Dirt-bike theft and careless riding around Geraldton the target of a drone operation police are trialling

Jessica MoroneyGeraldton Guardian
A new police operation is helping track down offenders on stolen dirt bikes using drones, as the ongoing issue causes concern for police.
Camera IconA new police operation is helping track down offenders on stolen dirt bikes using drones, as the ongoing issue causes concern for police. Credit: Kelsey Reid/The West Australian

A new police operation is helping track down offenders on stolen dirt bikes from the air, as the ongoing issue causes concern for police.

Geraldton police have started a five-week trial plan using drones and drone pilots to monitor dangerous off-road motorbike riding.

Officer-in-charge Sen. Sgt Chris Martin said the theft and dangerous use of dirt bikes was an increasing problem, and the vehicles were often targeted in burglaries because they were quick to start and provided a quick getaway.

He said the inquiry team at the station had been working overtime to retrieve and return stolen property to residents.

“They’ve returned a lot of property to those who’ve had it stolen,” he said.

Sen. Sgt Martin said police have seen a slow rise in incidents of stolen motorbikes since the start of the year.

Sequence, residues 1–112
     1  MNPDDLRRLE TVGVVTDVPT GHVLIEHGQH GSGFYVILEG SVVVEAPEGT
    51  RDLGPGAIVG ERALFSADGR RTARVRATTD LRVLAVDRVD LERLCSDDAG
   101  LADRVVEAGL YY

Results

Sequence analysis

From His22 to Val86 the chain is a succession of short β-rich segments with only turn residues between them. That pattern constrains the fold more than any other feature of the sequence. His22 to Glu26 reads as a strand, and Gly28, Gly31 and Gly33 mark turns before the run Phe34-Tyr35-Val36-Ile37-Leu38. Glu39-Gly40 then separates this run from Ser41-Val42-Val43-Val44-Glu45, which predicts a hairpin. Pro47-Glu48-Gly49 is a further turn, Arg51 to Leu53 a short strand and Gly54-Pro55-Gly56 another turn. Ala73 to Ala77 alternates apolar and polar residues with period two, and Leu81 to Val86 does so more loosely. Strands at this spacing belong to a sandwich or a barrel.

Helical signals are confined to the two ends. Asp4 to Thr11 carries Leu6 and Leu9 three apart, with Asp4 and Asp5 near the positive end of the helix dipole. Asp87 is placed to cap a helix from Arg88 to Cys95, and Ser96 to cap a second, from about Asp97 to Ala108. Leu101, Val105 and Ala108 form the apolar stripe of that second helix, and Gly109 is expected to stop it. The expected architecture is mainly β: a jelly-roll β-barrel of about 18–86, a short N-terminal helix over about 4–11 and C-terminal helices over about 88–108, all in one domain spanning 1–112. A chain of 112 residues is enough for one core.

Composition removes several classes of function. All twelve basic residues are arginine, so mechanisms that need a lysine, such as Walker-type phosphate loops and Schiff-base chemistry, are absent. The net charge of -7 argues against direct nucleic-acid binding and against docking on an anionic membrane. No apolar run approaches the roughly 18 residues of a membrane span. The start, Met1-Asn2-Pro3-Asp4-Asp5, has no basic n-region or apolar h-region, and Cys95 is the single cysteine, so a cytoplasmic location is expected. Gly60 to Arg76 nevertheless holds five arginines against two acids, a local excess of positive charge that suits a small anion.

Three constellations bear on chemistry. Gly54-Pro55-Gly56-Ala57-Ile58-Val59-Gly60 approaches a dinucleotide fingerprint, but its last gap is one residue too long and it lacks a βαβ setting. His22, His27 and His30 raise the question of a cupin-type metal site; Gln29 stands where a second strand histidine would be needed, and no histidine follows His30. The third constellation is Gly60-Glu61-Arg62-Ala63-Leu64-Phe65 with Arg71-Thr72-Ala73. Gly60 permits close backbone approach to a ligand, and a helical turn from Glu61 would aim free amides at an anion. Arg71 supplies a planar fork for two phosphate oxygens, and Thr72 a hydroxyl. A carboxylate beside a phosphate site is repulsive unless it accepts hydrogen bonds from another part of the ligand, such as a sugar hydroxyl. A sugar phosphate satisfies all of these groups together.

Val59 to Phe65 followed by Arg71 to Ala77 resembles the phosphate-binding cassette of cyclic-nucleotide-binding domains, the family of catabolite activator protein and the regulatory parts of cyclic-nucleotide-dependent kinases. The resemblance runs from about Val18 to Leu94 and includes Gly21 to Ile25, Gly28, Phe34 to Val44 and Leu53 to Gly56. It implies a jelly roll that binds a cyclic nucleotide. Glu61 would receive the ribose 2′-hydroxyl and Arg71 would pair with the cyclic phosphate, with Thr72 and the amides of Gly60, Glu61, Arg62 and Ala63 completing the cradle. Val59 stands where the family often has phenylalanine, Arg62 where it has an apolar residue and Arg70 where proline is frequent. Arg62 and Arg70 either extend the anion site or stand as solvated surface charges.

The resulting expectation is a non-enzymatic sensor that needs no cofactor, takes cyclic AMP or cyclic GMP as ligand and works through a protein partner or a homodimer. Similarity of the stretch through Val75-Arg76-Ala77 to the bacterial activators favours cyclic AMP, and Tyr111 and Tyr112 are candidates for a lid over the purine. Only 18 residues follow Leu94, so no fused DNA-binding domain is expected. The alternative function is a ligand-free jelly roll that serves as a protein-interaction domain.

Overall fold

“It has been on our radar since around January and I’m glad to see an operation ongoing with our drone pilots and inspectors,” he said.

“Those who have been riding dirt bikes around Geraldton are on notice and subsequently we have charged six people with dangerous riding.”

Sen. Sgt Martin said police were aware a lot of careless riding took place in the back blocks between Wandina and Rangeway.

“What I can say is, they (offenders) are often very surprised when they see police come knocking on their door after they park the bikes up,” he said.

“And when they go to court, we’ve even got some footage there to show them.”

Sgt Martin said it was common on a Monday morning to find four or five bikes confiscated over the weekend which had been stolen or driven carelessly. He said drones were a fantastic way to catch these people without putting lives at risk as “there’s no way to hide from a drone”.

“The drone pilots, let me tell you, are out every day. Dangerous dirt-bike riding will come to an end very shortly,” he said.

Police reminded the motorbike riding community they were watching and urged them to ride responsibly, particularly around residential areas.

Get the latest news from thewest.com.au in your inbox.

Sign up for our emails